- Kidepo Valley National Park
This is a top choice national park in North-eastern Uganda. Offering some of the most stunning scenery of any protected area in Uganda, Kidepo Valley National Park is hidden away in an isolated valley in the extreme northeast of Uganda. The rolling, short-grass savannah of the 1442-sq-km national park is ringed by mountains and cut by rocky ridges. Kidepo is most known for having a number of animals found nowhere else in Uganda, including cheetahs, bat-eared foxes, aardwolves, caracals, and greater and lesser kudus.
- Murchison Falls National Park
This is a top choice national park in North-western Uganda. Uganda’s largest national park is one of its very best; animals are in plentiful supply and the raging Murchison Falls, where the Victoria Nile crashes through the rock and descends dramatically towards Lake Albert, is an unforgettable sight. Despite a decimation of animal numbers during the war years, numbers have recovered well and you can expect to see elephants, Rothschild giraffes, lions, Ugandan Kobs (antelope), waterbucks, buffaloes, hippos, and crocodiles, not to mention some 460 species of bird.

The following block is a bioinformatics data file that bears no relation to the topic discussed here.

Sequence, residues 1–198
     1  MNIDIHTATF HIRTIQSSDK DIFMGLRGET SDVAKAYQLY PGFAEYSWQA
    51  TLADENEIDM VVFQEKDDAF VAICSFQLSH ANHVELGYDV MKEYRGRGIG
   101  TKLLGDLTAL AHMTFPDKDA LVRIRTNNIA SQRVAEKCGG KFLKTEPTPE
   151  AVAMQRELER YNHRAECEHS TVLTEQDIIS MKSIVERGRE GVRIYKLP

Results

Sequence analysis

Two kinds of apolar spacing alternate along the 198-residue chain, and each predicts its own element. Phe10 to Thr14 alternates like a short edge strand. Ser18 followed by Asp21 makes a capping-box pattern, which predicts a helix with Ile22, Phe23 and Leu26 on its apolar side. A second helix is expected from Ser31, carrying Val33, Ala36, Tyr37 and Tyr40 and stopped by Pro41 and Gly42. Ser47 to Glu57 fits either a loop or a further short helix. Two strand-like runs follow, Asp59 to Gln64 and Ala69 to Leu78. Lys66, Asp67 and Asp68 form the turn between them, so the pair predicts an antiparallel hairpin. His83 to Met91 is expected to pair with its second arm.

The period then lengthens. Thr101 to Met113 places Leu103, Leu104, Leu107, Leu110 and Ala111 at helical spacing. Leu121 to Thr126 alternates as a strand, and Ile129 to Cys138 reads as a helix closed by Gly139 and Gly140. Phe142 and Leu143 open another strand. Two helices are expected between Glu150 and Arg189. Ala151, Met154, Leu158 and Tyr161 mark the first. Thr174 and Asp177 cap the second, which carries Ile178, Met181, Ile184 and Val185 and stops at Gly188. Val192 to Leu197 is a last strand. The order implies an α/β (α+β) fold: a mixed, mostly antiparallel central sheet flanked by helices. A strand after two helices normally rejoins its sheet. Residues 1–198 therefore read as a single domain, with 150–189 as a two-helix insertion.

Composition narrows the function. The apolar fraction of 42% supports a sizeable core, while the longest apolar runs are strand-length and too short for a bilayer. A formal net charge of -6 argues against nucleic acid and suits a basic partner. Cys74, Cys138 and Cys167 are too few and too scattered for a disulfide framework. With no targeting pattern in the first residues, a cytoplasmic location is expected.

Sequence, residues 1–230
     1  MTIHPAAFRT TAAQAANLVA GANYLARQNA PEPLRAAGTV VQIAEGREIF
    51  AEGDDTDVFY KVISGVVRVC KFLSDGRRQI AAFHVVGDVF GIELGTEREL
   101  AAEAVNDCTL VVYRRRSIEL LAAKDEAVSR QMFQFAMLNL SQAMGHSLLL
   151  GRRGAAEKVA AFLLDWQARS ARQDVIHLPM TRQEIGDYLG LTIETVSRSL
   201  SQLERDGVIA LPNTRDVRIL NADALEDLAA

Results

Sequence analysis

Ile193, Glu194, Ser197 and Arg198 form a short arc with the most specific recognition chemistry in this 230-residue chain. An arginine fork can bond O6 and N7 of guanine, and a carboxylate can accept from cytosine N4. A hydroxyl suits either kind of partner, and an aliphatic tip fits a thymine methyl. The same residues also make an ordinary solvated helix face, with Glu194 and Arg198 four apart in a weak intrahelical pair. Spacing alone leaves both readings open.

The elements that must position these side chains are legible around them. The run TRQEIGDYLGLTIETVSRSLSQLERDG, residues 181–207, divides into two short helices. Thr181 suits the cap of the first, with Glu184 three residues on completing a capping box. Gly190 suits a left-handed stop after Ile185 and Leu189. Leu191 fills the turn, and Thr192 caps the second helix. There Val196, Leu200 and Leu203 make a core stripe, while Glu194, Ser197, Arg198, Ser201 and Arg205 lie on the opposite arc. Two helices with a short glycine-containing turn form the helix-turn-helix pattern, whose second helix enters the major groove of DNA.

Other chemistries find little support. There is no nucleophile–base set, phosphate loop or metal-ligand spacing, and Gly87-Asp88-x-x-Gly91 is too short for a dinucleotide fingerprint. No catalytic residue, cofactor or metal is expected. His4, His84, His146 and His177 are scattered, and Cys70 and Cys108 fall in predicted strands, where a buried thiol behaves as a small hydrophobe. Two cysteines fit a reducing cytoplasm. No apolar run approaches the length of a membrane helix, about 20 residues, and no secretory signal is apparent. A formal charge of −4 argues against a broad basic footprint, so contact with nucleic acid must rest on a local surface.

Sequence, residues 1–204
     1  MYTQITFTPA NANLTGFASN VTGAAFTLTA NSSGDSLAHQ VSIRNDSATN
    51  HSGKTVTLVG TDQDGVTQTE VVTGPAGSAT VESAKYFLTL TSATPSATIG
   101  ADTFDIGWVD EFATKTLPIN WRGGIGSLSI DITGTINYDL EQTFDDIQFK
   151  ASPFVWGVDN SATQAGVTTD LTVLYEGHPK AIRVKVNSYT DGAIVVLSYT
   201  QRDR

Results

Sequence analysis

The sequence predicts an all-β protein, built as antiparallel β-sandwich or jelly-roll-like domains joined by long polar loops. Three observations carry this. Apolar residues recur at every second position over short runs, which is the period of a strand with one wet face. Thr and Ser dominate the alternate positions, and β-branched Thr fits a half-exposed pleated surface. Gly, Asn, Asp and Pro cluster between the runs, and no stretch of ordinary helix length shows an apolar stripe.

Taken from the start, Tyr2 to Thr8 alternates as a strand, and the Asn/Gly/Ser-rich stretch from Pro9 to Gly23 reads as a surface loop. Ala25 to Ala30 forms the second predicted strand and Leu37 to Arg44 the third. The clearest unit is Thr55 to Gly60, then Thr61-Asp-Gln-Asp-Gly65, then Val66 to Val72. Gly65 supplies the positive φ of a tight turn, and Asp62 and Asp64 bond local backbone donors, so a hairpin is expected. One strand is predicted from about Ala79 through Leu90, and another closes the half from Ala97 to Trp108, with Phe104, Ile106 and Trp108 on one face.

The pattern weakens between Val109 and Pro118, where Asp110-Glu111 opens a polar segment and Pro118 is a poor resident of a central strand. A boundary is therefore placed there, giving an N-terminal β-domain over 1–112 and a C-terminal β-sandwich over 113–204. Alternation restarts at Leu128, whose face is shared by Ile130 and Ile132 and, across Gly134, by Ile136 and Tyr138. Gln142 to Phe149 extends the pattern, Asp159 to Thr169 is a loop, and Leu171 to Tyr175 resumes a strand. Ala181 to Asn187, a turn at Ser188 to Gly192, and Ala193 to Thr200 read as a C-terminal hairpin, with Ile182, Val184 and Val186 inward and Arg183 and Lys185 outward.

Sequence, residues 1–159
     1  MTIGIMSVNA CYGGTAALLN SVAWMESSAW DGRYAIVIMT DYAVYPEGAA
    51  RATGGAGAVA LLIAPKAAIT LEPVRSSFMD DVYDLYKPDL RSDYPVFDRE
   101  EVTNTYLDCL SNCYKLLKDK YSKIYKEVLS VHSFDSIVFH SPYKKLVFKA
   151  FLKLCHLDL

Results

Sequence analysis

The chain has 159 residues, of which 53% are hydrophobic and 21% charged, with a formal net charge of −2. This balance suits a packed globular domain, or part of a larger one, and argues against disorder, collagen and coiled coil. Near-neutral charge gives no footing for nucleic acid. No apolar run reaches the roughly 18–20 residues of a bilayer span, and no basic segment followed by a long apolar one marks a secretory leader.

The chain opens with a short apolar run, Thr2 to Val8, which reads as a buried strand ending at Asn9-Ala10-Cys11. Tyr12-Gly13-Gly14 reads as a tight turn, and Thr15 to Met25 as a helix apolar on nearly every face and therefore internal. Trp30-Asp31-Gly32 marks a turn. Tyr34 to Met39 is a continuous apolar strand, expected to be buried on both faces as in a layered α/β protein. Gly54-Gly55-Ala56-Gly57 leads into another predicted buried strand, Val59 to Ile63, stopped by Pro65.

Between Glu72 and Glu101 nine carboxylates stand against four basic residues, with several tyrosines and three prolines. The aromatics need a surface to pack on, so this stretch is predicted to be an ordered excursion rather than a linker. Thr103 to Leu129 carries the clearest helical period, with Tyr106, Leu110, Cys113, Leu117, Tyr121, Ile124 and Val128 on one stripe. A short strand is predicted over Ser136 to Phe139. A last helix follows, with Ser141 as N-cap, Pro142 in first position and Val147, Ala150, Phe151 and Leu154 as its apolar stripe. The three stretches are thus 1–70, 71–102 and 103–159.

Top of the Falls is a top choice waterfall in Murchison Falls National Park. Once described as the most spectacular thing to happen to the Nile along its 6700km length, the 50m wide Victoria Nile is squeezed here through a 6m gap in the rock and crashes through this narrow gorge with unbelievable power. Murchison was even stronger back then, but in 1962 massive floods cut a second channel creating the smaller Uhuru Falls 200m to the north.